The movie Witness is NOT a comedy. It’s a suspenseful crime drama. But along with a few other moments in the last few weeks, it provided plenty of comic relief. Read on for at least two belly-wrenching anecdotes.
The drama begins with a young Amish boy, whose father recently passed, witnessing a murder. In steps Harrison Ford, who plays John Book, a Philadelphia detective assigned to find the killer. After housing the boy and his mother for a spell in his sister’s apartment, Book assures them they will be safe. He later finds out there is a bit of corruption in his department, forcing all three to flee the apartment in a hailstorm of gunfire.
With a gunshot wound to the side, he outs maneuvers his pursuers and races the two witnesses to safety in his bronze-brown Chevelle. As the detective fades in and out of consciousness from the wound, the mother calmly wonders aloud, “I thought you said we’d be safe.”
Book’s reply, “Well, I WAS WRONG!!!”
I don’t know why it hit my funny bone in such a way but I, and my wife, found this particularly humorous. I doubt it was meant to be funny, but it was nonetheless. We don’t often find men so willing to confess their mistakes… even less when they’re under duress. And I don’t know any man that would be so open with his shortcomings with a gunshot wound to the side – especially one obtained from protecting the same people who are currently interrogating you. Either way, let’s just say I was tickled. But that wasn’t the funniest thing by far.
Not even five minutes had gone by before I was chuckling once again, and it wasn’t even because of the movie. Before we re-entangle ourselves with the plot I must first give some context as to where we were watching this film. My wife and I, along with some friends, had brought our lawn chairs out to a local park for their summer-concert-in-the-park series. There weren’t more than 30 moviegoers in attendance, so it was very intimate. With that in mind, back to the show.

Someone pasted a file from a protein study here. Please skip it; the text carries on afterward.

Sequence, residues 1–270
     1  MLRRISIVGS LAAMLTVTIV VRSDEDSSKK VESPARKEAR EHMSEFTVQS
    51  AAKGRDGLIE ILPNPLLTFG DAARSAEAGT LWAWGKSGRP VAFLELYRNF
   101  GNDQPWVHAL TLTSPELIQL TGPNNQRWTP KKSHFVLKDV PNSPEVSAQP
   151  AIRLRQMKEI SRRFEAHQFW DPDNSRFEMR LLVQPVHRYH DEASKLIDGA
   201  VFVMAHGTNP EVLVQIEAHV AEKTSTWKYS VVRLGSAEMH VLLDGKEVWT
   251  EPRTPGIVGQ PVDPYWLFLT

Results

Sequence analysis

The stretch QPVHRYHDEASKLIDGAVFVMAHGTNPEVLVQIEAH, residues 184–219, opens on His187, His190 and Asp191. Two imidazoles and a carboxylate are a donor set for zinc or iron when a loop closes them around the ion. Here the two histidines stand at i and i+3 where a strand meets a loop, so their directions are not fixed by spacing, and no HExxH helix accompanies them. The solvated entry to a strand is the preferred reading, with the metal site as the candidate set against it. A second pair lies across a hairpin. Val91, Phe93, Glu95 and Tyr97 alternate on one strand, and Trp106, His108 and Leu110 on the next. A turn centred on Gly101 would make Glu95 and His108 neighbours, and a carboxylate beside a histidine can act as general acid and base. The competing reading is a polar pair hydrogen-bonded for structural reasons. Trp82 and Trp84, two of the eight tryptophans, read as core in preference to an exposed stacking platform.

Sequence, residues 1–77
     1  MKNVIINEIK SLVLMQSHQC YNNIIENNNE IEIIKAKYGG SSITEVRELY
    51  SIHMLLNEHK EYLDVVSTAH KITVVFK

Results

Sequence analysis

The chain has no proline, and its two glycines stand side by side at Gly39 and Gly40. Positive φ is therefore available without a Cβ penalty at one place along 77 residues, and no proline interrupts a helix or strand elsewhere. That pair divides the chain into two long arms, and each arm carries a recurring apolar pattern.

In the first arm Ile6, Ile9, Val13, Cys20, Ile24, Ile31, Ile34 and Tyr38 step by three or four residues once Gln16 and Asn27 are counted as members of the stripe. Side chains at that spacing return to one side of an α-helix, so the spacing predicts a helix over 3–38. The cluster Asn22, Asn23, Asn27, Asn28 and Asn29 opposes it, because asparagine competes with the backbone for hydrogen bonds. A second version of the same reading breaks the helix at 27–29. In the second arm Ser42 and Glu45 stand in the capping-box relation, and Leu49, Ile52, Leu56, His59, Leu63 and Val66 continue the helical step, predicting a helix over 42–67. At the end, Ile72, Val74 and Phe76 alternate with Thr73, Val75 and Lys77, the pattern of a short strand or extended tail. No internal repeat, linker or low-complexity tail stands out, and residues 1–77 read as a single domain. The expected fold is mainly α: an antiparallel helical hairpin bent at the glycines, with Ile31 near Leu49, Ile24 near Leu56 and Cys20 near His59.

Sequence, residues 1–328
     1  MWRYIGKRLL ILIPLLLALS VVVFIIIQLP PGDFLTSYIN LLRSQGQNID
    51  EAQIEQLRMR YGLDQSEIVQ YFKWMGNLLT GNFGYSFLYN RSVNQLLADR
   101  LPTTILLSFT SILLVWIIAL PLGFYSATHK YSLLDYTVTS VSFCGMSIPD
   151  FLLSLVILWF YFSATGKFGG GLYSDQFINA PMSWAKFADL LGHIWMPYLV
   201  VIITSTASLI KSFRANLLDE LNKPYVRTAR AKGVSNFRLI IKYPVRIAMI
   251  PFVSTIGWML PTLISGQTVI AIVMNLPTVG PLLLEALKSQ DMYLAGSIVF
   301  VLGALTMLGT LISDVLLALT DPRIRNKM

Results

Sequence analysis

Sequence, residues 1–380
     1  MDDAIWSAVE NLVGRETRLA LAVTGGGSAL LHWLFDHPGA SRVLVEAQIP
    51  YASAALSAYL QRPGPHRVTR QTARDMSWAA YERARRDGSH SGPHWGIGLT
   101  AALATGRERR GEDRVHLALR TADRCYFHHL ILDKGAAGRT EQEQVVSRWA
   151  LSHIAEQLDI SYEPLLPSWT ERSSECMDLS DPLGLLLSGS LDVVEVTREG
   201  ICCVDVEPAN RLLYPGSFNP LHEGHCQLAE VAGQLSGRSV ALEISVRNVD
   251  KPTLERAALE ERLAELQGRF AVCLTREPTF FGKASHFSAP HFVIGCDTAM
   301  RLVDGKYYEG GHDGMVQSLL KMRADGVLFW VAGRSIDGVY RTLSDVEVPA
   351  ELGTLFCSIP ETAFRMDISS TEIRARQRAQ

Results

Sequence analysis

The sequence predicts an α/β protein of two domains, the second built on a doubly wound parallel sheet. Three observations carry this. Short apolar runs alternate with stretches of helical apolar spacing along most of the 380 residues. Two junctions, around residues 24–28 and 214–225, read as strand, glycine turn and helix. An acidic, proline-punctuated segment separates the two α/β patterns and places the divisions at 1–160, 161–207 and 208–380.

To escape his persecutors, Book and his two Amish compatriots, take refuge in Lancaster County with the boy’s Dutch Country kin. Just as they reach the family farm, Book’s blood loss becomes too intensive and he loses consciousness. The car and its three inhabitants drift recklessly across the farm’s green pastures. I, and many other onlookers, would think this harmless, as the fields were flat and he would inevitably come to a stop, seeing as how they were traveling no faster than a horse-drawn buggy. But then the frame changes and you see the car might be stopping sooner than expected. There, in the car’s trajectory… sits a birdhouse .
A skinny 6-foot pole with a small wooden bird structure perched upon it is no reason for alarm but there was something about the car’s slow drift that built such unexpected suspense. The camera stood completely still as the car inched closer and closer to impact. Each inch felt like an hour as the bumper rolled towards the inevitable collision. Who would’ve thought such suspense could build? The Chevelle was inches away when someone from the audience, in a very hitch pitched voice, screamed –
“NOT THE BIRDHOUSE!?!?!”
I don’t know whether it was the dramatic lead-up to the crash, the unexpected aviary enthusiast, or the fact that I have a friend who lives in Amish Country and I know how much he hates birdhouses, but I was in stitches.
We’ve all heard someone tell a funny story before, and more times than not, it is most likely not as funny to us as it was to the storyteller, but this is different, this IS funny… kind of.
We see planes shot down in Ukraine, countries on the brink of all out war in the Middle east, and 6 o’clock news stories about killer car-jackings, but what really get’s some of us ticked off enough to scream out in public, is when a Robin’s nest gets whacked by a Chevelle.
It was funny. Maybe its because I’m married now… but I just thought it was funny is all. In the end, whether it makes you chuckle or not, you will never look at birdhouses, or the Amish, in the same way ever again.